Ohio State took an early 10-0 lead, but once Matt Flynn and the Tigers’ offense got untracked they were nearly unstoppable and rolled to a 38-24 victory.

3. The 2003 BCS championship

The victory against Ohio State came just four years after the Sugar Bowl’s most recent BCS Championship Game had also featured LSU. This time the Tigers faced Oklahoma.

I was around the news conferences and post-practice interviews all week, though my primary responsibility was to cover the Sooners.

One thing stood out to me in the days leading up to the game. LSU and coach Nick Saban were always right on time for interviews, handled the sessions efficiently and moved on. Oklahoma and Bob Stoops were far less punctual and businesslike.

I don’t know what if any impact that had on the game, but football teams tend to play the way they practice and otherwise go about their business. LSU played like a focused, efficient team and Oklahoma didn’t.

The Tigers prevailed 21-14 for their first national championship in 45 years.

2. The 2011 season

I’m going to focus more on the whole season rather than just the BCS Championship Game in the Superdome because I covered every LSU game that season in what was one of the most impressive regular seasons in college football history.

It started with a 40-27 victory over preseason No. 3 Oregon at Cowboys Stadium in Arlington, Texas. It included seven other wins against ranked teams and an overall average victory margin of 26 points.

Tyrann Mathieu’s dynamic play on defense and as a return specialist earned him a trip to New York as a Heisman Trophy finalist. The defense was one of the most talented and dominant in SEC history.

The offense didn’t match the standard of the defense as Jarrett Lee and Jordan Jefferson shared the quarterback position, though the Tigers still averaged 48 points per game.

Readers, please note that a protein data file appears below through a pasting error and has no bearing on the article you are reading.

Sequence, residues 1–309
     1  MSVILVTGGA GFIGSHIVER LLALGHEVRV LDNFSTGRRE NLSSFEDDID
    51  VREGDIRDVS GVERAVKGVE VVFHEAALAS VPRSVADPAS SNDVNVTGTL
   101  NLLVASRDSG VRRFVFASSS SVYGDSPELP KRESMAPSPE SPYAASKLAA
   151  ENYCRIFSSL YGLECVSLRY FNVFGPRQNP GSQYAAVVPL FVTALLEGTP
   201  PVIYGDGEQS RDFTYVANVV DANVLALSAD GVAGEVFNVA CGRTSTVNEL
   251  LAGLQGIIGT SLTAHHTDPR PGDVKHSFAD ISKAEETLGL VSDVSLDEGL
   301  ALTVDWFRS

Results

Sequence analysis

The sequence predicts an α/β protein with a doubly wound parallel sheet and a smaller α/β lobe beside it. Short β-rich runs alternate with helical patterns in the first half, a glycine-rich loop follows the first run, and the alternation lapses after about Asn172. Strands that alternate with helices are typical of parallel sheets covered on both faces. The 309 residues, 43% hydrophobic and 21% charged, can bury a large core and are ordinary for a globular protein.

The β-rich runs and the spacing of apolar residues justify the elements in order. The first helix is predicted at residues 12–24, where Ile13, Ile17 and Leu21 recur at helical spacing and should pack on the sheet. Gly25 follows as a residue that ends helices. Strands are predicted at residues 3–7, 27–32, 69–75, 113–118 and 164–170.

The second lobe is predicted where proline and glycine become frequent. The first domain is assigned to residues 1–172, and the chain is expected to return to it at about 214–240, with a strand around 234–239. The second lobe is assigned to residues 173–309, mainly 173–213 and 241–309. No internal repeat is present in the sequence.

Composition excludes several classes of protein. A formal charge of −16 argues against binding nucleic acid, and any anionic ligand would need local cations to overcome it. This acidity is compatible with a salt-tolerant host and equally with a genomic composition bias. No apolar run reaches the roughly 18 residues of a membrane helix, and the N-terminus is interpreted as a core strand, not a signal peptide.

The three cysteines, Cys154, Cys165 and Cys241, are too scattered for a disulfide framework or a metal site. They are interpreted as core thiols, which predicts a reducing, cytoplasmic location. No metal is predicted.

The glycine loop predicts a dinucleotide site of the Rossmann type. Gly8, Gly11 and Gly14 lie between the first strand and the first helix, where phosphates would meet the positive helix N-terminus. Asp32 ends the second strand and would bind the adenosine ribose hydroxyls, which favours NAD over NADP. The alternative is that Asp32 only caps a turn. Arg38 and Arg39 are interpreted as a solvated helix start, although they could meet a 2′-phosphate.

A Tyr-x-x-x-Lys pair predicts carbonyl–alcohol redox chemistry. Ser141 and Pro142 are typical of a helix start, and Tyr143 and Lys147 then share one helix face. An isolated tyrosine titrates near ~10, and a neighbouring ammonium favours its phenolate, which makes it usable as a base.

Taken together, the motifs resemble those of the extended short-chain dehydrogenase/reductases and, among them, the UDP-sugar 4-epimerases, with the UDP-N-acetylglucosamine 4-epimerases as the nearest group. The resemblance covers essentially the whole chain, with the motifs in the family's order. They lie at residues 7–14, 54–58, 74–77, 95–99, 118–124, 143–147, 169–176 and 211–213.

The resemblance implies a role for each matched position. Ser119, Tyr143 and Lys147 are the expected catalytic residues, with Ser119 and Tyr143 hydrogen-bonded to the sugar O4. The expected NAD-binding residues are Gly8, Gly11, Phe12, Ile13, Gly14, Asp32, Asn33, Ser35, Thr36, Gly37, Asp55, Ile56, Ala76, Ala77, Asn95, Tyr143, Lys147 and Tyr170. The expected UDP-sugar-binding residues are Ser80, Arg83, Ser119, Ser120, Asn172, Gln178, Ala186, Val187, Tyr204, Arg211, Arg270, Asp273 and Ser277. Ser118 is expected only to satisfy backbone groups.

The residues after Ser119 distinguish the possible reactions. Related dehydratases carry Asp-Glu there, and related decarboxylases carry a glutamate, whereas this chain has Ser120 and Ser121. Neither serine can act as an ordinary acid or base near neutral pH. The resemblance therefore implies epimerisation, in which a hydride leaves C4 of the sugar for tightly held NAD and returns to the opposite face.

The highlight of the regular season came when No. 1 LSU went into Tuscaloosa and beat No. 2 Alabama 9-6 in overtime in one of the most highly rated regular-season games in recent memory.

A late-season loss by No. 2 Oklahoma State to Iowa State paved the way for a Tigers-Crimson Tide rematch in the title game and Alabama dominated, 21-0.

For most of that season it seemed the 2011 LSU team would match the 2003 and 2007 versions by winning a national championship in the Superdome.

It didn’t turn out that way in the end, but the body of work by that team remains one of the best in school history.

Joe Burrow, LSU win CFP
(Photo: Parker Waters)

1. The 2019 season

The 2019 Tigers were able to take that final step that the 2011 Tigers couldn’t.

There were a lot of similarities between the two regular seasons, though the 2011 team rode the defense and the 2019 team rode the offense.

Both teams were dominant. Both teams played extremely challenging schedules. Both teams ascended to No. 1 during the regular season and stayed there until the final game.

Joe Burrow had the most productive passing season in NCAA history and won the Heisman by a record margin as head coach Ed Orgeron’s team put together quite possibly the most impressive season in LSU history.

The Tigers finished it off with a 42-25 victory over defending national champion Clemson in the Superdome.

It was the fourth time in 17 seasons that I had covered LSU playing for a college football national championship fewer than 100 miles from Tiger Stadium.

That’s pretty memorable.

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Les East

CCS/106.1 FM/Daily Iberian

Les East is a nationally renowned freelance journalist. The New Orleans area native’s blog on was named “Best Sports Blog” in 2016 by the Press Club of New Orleans. For 2013 he was named top sports columnist in the United States by the Society of Professional Journalists. He has since become a valued contributor for CCS. The Jesuit High…